No, Apple doesn't need to 'open up' to malware fear-mongers

Earlier this week the CEO of an anti-virus company wrote a "guest editorial" on a popular technology website, saying it was time for Apple to "open up" and — wait for it — allow anti-virus software on the iPhone and iPad. The premise is self-serving and the headline spit-take inducing, and it's absolutely not worth rewarding negative attention seeking with attention. However, it is important to address the fear, uncertainty, and doubt (FUD) the "guest editorial" is trying to spread.

The CEO starts off by bringing up a Xsser as an example of why we should be concerned about the security of iOS. Xsser is a type of spyware that can steal data from iPhones and iPads — if the owner first jailbreaks them and then downloads something like an infected Debian package.

The CEO chooses not to mention that and, even though it's immediately mentioned in the comment, the "guest editorial" hasn't been updated to correct the omission.

Next, the CEO claims that BYOD, the bring-your-own-device trend that's helped the iPhone and iPad gain a growing presence in enterprise, will turn into a disaster because Apple won't give "security professionals" the cooperation and system-level access they need to protect our devices.

iOS is already so well protected, however, that exploits typically require explicit user overrides — jailbreak, the downloading of pirated apps, the acceptance of untrusted certificates — to get any access to our data at all.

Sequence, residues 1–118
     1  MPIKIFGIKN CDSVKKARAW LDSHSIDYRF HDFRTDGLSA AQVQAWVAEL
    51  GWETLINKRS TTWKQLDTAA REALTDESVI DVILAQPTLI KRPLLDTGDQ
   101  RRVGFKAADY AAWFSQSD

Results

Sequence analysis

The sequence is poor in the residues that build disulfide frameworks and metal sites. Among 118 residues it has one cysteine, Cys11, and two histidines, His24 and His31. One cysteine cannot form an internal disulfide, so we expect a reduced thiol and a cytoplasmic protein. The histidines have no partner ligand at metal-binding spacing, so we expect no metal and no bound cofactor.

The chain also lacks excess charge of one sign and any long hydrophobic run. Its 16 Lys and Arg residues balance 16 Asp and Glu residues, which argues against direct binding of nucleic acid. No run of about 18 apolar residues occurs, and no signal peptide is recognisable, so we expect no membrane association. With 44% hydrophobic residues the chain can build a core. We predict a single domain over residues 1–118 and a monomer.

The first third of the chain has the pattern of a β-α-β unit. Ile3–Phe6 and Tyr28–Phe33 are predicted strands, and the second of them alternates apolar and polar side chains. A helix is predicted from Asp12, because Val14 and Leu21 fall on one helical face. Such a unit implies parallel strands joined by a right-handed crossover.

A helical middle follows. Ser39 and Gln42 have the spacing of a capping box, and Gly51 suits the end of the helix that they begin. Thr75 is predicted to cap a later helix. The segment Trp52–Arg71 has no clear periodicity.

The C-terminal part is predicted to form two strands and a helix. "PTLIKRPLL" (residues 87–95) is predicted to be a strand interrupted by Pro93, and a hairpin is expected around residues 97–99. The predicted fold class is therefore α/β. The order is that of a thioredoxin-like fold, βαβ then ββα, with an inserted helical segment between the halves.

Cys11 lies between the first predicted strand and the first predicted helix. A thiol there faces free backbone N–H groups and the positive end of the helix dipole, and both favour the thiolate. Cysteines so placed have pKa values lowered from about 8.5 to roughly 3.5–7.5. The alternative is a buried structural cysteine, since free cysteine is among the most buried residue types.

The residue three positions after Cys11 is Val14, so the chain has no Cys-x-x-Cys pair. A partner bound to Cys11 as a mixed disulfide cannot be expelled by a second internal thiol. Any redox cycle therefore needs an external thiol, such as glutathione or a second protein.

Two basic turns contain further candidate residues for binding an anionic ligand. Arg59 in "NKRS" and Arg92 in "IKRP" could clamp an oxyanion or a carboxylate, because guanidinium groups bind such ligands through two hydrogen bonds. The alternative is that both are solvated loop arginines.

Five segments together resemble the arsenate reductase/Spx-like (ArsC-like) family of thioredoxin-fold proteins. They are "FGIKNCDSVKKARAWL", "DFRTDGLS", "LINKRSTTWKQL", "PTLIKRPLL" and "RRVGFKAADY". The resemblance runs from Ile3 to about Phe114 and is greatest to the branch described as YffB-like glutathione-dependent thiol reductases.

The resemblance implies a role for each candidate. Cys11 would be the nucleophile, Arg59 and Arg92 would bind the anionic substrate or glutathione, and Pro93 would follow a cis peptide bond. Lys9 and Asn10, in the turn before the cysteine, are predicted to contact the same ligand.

Just like Xsser can only infect a jailbroken device, the type of system-level access the CEO is asking for under the guise of "openness" would only make us more vulnerable to malware, not less.

If security were the real agenda here, the CEO would ask for Apple to increase their own, already impressive anti-malware efforts on iOS. That way we'd get all the benefits but none of the risks.

Instead, the agenda here appears to be spreading misinformation in a deliberate attempt to make both direct customers and IT departments afraid so, presumably, Apple somehow feel pressured to change.

Well, Apple won't. They're smarter than that, and we are too. We know that misinformation is simply another form of malware. Just like we know this "guest editorial" isn't trying to protect us, it's trying to exploit us.